The Carol Burnett Show: Christmas with Carol DVD Review: Two Shows Underwhelming

Just in time for the holidays, Time Life Entertainment brings us this single disc release featuring two episodes from the classic Carol Burnett Show plus bonus material. One will certainly open this case with the anticipation and excitement of a Christmas morning in hopes of finding something truly special. Unfortunately, the gift garners the same disappointment as finding socks and underwear wrapped up under the tree.

The two episodes we receive are from transitional periods in the show’s history and thus lack the comedic chemistry the show was known for. Lyle Waggoner may have been known more for his looks than his comedic ability, but he knew how to play a straight man and allow the funny people around him to shine. After his departure, the show featured Harvey Korman and Vicki Lawrence as the comedic players in sketches with Carol and that is the case in the first episode on this release. Alan Alda appears as the guest star, but the writing in this episode fails to truly allow these stars to display their comedic chops and instead leaves them chomping on scenery.

In this episode we get an enjoyable opening Q&A with audience members presenting Carol with gifts, and a young girl bursting into tears after meeting Alda. The Christmas sketch featuring Mama’s family just seems forced and tired as the writers appear desperate to find a way to work Alda in, and rely too much on facial expressions by the cast to get laughs where the script fails to provide any.

The musical number with Burnett and Alda as department-store employees is pleasant and works well as a lead in to the next sketch in which the two are dating, but the premise for the dating sketch is tired and obvious, and yields few laughs. The New York-themed finale could have been more geared towards Christmas, and Waggoner was clearly missed as Korman and Lawrence are distractingly over used.

The second episode on the release is from 1977 and features Tim Conway, who had joined the cast, along with Lawrence and guest starts Ken Berry and Helen Reddy. Unfortunately, Korman had left the show by then and thus, much like the first episode, there was clearly magic missing. The opening Q&A is brief and awkward as Carol seems off her normal game.

The Christmas sketch with Mrs. Wiggins and Mr. Tudball is one of the more enjoyable pieces on this DVD and provides wonderful trivia as Mrs. Wiggins first name is revealed (Wanda). Unfortunately, the scene falls flat with the appearance of Mrs. Tudball (Lawrence) in an ending that is far too contrived.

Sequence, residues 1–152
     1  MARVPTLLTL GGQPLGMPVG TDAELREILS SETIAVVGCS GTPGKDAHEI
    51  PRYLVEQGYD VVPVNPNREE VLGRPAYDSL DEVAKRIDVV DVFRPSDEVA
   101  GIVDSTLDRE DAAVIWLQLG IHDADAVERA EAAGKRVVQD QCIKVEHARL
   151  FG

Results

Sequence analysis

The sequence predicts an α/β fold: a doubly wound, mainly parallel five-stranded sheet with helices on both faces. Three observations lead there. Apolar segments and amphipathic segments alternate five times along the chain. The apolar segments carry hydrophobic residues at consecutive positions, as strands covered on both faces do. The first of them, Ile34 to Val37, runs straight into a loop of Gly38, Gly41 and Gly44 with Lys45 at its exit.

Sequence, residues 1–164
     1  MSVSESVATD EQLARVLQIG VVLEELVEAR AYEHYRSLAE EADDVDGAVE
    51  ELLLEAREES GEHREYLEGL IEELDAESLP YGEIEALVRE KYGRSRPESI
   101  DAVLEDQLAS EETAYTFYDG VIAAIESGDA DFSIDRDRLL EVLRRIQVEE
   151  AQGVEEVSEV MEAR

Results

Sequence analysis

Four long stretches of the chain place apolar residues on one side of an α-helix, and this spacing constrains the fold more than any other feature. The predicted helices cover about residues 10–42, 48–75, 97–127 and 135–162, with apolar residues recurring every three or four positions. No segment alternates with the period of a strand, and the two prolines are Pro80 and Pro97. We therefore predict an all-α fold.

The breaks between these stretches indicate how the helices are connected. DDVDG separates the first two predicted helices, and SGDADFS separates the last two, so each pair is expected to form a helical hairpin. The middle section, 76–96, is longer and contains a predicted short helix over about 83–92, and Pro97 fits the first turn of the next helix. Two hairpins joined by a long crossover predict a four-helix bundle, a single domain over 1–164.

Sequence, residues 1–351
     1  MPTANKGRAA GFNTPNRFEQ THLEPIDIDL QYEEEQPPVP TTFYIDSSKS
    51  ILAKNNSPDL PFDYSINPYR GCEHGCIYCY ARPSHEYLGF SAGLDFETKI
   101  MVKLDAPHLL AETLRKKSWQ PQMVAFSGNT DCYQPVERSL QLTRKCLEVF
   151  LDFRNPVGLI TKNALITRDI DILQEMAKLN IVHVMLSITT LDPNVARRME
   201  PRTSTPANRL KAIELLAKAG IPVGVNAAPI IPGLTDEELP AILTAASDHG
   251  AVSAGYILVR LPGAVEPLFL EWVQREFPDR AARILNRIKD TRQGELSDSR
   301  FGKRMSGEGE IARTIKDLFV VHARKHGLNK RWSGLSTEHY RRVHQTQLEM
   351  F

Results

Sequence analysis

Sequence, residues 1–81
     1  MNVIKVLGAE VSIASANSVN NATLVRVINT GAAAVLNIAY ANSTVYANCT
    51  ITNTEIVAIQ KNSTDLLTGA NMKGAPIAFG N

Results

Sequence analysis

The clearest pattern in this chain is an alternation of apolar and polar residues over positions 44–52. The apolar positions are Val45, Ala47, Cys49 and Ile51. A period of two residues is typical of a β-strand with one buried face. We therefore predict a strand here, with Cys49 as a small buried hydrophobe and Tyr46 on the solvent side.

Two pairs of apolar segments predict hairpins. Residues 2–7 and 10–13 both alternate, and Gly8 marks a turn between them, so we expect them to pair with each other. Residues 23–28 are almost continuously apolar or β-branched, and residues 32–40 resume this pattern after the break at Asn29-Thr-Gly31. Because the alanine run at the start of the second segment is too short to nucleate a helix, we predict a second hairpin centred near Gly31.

Helen Reddy performs in a somewhat Christmas-themed number that was far better suited for Burnett as it fails to allow Reddy to truly display her vocal skills. A sketch with Burnett and Berry as a married couple being visited by a German representative of the water company in search of water-wasters was cute at best, relying on Conway’s accent for the majority of the laughs. Berry’s song-and-dance number manages to display his talents and an art form that has sadly been lost.

Two sketches loosely tied together by current events feature Lawrence as a fast-talking stewardess in a one-joke bit, and Conway as a Senator who took a bribe. It is in this sketch with Conway where Korman is so clearly missed. With Korman as the chairman of the committee, this scene could have been far more enjoyable.

The “Strike Up the Band” finale featuring the entire cast with Berry and Reddy is enjoyable, but a Christmas theme would have seemed more appropriate. Burnett ends the show with a song about all holidays that is certainly unique.

The Bonus material contains both hits and misses. The appearance of Jonathan Winters makes little sense and does not belong on this release. The Christmas Sketch with Carol and Sid Caesar should have been much funnier considering the comedic talent.

Carol singing “Have Yourself a Merry Little Christmas” as her cleaning-woman character is the best thing on the DVD and will certainly remind all of why we love her and this show, and she has fun singing “The Twelve Days After Christmas” in another number.

Recommendation: Perhaps this is all the Christmas material available, but considering the show ran for twelve years, that is certainly doubtful. Ultimately, there is just not enough quality here to warrant spending money on this. If someone gives it to you for Christmas, you can probably find the time to watch it over the course of the year since it has less than two hours of material, and then regift it the following year at your office gift exchange. Sadly, it’s not worth keeping.

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